John Lloyd is a man of many trades. His work has shaped the way British comedy has developed, both on television and the radio. Lloyd first got into comedy at Cambridge where he joined Footlights. He thought it was ‘a bit girly’ at the time, but happened ‘to be in love with a leading lady.’ John describes how he tried to do serious drama at Cambridge but ‘kept getting laughs. One of my performances reduced the poor director to tears, and it became a bit of a cult hit to see this college disaster. So I quit that and moved to jokes so that I wouldn’t ruin anyone’s life.’ John eventually got sacked from Footlights and moved onto radio. In 1974 he produced the News Quiz for the BBC before getting into television, creating Not the Nine o’ Clock News, Spitting Image and producing Blackadder in the mid-eighties. By the time he was thirty, John had received two Lifetime awards for his work.His latest project, QI, is much more than a television program. John describes QI as a long term project ‘to look at very dull information and make it interesting…It’s amazing how often people say something is “quite interesting”. It’s a catchphrase that most people don’t notice is there.’
The answers to the questions are not as important as the questions themselves. ‘Finding answers is relatively simple’ says John, ‘finding a new question to ask is almost impossible. All we’re interested in is interestingness’. The name QI also appeals to John as the opposite of IQ. It encourages a different sort of intelligence to that which is generally required at schools and universities. ‘The problem is that there is very little original thinking encouraged in the educational system’ John argues. ‘A lot of my original thinking time was done, you know, late at night with a lot to drink, and that was where all the interesting debates came in’. John is keen to promote original thinking in schools. ‘One of my ideas is to create a new school subject called interestingness,’ he says, smiling. ‘On Fridays you would have double “Interestingness” and you’d think “oooh yes!”’.  Another of his ideas is to make a set of companion guides to the national curriculum for students and teachers. ‘It sounds a bit pompous to be interested in education…’ John hesitates mid sentence, ‘but the whole idea is to make education not sound pompous…It’s just that we need to invent different ways of getting people’s attention’. The QI show is very different to most of the television being produced at the moment. John argues that ‘There should be television that is intelligent but is acceptable and warm’. He talks about how comedy has changed over the last twenty years or so: ‘A lot of television at the moment is cruel and dark…the comedy that I grew up with used to make you feel better. QI has that old fashioned feel to it, but it is also a revolutionary program’.John admits that occasionally the show has to be cleaned up. ‘There was a very funny fact that Steven brought up about Alfred Kinsey, who wrote a book about human sexuality and found the appalling statistic that one in six men in Idaho had sex with a chicken during their life. And so the whole panel started doing imitations of having sex with a chicken. It went on for minutes…it was really gross but honestly the funniest thing that I have ever seen on television. But it had to be taken out. QI has a very wide audience’. Though the program is after 10pm John still ‘bleeps the fucks’. ‘They said I could keep them, but I was brought up to take out the fucks. A lot of telly is a bit too grubby. We are often rude and naughty but it’s never nasty rudeness’. Although John does admit that sometimes ‘the recordings are absolutely filthy’. ‘If you get Jonathon Ross and Steven on a roll together its fantastic…but you can’t broadcast it really’. I ask John what he thinks about the recent trend of reality television. He looks a bit sheepish and smiles, ‘I think that a lot of the way television has gone is slightly my fault, because programs that were showing in the 70s and 80s were trying to break the mould’. He goes on, ‘But the general stuff you see on telly now of people you have never heard of…it’s pretty horrible. I think people generally deserve better than they get treated on telly’. John describes how celebrities love coming on the show, ‘Jeremy Clarkson is a regular, he watches it every week whether he’s on it or not, it’s one of the only programs that he actually likes… Rob Brydon brought his dad along the other day who had a great time and stayed the whole evening’. Interestingly, John has recently returned to doing radio shows and is currently hosting The Museum of Curiosity on Radio 4 with Bill Bailey. I asked him what it was like to go back into radio after so long in television. ‘Before the show’ John says laughing, ‘I was beyond scared…I almost had an out of body experience I was so frightened…But actually it’s such fun getting laughs from an audience’. With QI up and running, I ask John whether he will be moving onto any new projects. ‘It’s very difficult to go back, having made QI, to just making jokes for the sake of making jokes. I’d be more interested in getting a serious part in a film as an actor than writing’.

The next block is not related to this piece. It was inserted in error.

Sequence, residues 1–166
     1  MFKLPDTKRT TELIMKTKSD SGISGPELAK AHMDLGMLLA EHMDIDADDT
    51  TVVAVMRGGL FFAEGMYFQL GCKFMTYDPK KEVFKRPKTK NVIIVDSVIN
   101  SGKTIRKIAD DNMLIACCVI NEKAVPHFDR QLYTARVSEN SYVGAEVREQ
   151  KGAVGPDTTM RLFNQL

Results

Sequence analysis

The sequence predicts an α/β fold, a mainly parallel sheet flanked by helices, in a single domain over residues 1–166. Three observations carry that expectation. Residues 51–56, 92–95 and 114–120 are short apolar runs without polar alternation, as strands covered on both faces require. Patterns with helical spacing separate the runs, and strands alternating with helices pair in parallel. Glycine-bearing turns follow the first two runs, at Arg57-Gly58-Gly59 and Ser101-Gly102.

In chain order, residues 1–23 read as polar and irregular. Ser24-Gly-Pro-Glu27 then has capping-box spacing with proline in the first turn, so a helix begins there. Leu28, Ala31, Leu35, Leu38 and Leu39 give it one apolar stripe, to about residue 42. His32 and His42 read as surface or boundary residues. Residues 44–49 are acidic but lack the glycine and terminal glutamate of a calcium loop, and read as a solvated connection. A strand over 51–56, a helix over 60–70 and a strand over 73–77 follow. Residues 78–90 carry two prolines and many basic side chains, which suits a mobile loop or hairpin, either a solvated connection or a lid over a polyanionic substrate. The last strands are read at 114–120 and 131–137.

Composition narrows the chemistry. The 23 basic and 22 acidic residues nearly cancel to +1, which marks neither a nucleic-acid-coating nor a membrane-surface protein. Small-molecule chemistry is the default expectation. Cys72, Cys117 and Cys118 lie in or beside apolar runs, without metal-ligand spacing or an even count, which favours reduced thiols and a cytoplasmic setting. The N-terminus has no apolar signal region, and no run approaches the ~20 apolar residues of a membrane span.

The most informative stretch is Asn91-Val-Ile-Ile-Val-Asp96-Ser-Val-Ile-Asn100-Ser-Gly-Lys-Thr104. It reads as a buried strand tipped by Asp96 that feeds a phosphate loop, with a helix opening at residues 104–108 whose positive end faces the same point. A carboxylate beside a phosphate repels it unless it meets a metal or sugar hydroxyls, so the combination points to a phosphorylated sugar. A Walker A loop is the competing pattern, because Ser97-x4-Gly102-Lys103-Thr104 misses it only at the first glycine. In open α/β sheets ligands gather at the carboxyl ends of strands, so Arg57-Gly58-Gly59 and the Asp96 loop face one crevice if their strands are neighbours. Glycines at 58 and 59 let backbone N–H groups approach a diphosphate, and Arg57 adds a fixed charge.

by Freddie Parton